A 2015 study found that 88% of people cited mental wellbeing as a reason for heading out into the garden. The process of nurturing plants — and even just being around them — has many benefits for your mind. And science can prove it!
Keeps Your Focus Outward
Repeatedly, studies have shown that people are happier when they spend time focusing on the needs of something outside of themselves — it gives us joy and a sense of purpose and empowerment.
“Garden therapy” was first explored through a scientific lens in the 18th century. Dr. Benjamin Rush, recognized as the “father of American psychiatry,” documented the positive effect that working in gardens had on individuals with mental health challenges.
Not only does gardening pull us out of our heads, but scientists have also found that gardening decreases cortisol. This is the hormone released when we’re under stress. In one study, people performed a stressful task and then were randomly assigned to 30 minutes of outdoor gardening or indoor reading. Researchers measured the level of cortisol in their saliva. They discovered that both gardening and reading decreased cortisol, but the decreases were significantly stronger in the gardening group.
Studies show that time spent in nature limits rumination (the act of thinking repetitively about our problems). In one study, participants who took a 90-minute walk in nature reported decreased rumination. Researchers recorded a decrease in neural activity in the subgenual prefrontal cortex – the area of the brain associated with rumination.
Teaches About Good Nutrition
Our brains function better when the body is fed well. Because pre-packaged and highly processed food is so widely available in the United States, many Americans (especially children) don’t understand where their meals really come from. A survey of fourth-, fifth- and sixth-graders at an urban school in California found that only 22% of the kids knew that pickles are made from cucumbers. More than half of them did not know that onions and lettuce were plants. Gardening can reconnect people with the source of their food and nutrition.
Moreover, for people with eating disorders, studies have shown that growing their own food helps make eating food less scary. Cultivating a garden gives them a sense of control and ownership over what they are putting into their bodies, producing a calming effect.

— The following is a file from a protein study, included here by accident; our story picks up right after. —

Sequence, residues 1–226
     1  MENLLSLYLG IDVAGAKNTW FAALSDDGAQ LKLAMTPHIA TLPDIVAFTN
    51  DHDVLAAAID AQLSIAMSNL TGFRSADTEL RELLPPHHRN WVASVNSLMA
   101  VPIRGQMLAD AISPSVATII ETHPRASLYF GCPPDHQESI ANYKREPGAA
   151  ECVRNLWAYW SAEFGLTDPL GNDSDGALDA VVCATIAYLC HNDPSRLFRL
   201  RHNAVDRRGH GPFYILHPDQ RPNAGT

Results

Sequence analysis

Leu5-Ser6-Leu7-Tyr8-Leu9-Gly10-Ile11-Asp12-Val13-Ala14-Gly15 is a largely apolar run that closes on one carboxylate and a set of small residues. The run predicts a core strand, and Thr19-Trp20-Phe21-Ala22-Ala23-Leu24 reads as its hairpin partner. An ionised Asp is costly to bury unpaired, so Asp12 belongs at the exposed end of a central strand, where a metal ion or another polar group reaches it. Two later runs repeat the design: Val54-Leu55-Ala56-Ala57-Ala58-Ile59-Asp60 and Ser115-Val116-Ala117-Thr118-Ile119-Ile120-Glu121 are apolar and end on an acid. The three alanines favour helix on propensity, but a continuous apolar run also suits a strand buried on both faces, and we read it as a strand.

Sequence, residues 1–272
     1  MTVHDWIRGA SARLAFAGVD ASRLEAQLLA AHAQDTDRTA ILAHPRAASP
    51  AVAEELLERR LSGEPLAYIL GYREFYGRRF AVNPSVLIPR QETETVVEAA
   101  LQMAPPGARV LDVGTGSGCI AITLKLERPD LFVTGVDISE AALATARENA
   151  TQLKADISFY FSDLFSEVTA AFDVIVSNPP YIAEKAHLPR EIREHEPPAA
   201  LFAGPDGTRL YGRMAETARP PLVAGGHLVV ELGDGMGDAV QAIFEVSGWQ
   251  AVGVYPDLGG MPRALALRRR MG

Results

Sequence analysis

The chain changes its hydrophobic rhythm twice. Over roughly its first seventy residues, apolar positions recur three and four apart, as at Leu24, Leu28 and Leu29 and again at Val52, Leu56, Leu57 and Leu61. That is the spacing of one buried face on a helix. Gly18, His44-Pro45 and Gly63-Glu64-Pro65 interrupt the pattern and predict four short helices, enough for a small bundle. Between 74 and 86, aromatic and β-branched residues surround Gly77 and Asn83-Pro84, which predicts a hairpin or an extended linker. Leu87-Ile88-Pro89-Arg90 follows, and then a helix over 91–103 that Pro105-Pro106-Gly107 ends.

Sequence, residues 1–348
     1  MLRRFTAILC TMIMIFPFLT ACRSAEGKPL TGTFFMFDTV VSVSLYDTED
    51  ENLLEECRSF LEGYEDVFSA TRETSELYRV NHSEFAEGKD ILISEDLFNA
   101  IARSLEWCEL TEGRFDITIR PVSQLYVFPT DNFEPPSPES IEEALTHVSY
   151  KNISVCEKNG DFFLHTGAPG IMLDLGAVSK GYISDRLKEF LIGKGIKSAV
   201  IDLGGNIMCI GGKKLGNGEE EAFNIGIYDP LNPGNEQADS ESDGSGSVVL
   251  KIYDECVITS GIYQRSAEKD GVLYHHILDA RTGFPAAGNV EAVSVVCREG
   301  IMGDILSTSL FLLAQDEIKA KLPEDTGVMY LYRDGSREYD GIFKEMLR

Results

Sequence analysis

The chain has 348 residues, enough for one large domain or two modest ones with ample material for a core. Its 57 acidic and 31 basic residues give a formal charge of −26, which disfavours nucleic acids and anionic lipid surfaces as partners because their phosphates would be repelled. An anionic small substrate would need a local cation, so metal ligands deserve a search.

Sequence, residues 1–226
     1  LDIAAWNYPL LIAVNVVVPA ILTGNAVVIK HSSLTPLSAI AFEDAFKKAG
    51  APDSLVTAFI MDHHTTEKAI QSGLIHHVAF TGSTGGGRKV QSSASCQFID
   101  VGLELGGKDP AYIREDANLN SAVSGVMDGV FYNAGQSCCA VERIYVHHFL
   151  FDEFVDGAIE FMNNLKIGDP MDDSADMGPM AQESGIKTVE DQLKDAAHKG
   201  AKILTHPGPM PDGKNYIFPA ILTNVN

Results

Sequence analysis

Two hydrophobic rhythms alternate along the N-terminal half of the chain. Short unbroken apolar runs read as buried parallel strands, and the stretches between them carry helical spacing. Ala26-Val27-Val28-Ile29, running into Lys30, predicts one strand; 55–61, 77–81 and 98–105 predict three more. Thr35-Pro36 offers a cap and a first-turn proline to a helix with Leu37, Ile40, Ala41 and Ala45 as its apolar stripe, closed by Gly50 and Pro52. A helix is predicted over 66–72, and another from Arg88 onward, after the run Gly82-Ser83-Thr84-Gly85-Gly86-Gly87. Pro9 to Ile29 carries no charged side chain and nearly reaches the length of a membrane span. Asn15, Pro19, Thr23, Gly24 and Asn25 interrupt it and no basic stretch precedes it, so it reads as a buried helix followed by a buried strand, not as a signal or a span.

Builds Good Habits
Gardening is a positive habit — just like exercising daily or walking your dog. Barbara Fredrickson, a leading researcher in the field of positive psychology, calls these experiences “micro-moments of positive emotion.” When we structure our lives around healthy routines, we have opportunities to experience positive emotions like satisfaction, relaxation, joy, and a sense of accomplishment – and over time, these emotions become our habits!
Gardening is a series of small, finite tasks: Prune this limb. Dig that hole. Turn off the hose. By focusing on one task at a time, and ONLY one task at a time, our mind begins to quiet. We are able to meditate on thoughts. Mixed with yoga-like poses, the act of gardening becomes a physical and mental meditation. Studies have shown that these types of meditative exercises can lower cortisol levels, lower blood pressure, increase attention span and memory, and elevate mood.
Helps You Sleep Better
Gardening is hard work. So not only does the fresh air and physical exercise tucker you out, but some plants have been proven to help you doze off as well. Smelling lavender oil has been shown to lower blood pressure and heart rate, allowing you to fall asleep more easily, as well as improving the quality of your sleep once you’ve fallen asleep.
Research reveals a connection between soil bacteria and serotonin. In a 2016 study, mice were inoculated with soil bacteria known as Mycobacterium vaccae. The neurons in their brains that produce serotonin were activated. According to the study authors, “Data suggests that exposure to environmental microorganisms… may confer health benefits, including mental health benefits in subjects with stress-related psychiatric disorders, such as PTSD and major depression.”
A Reminder to Remember the Big Picture
And lastly, there is something just plain ole’ magical about gardening and plants. With sun, water, soil, and care, a tiny seed turns into a gorgeous mature plant. It’s a tiny miracle. Plants reminds us of one really important thing — that the world is a truly amazing place, and we get to be a part of it.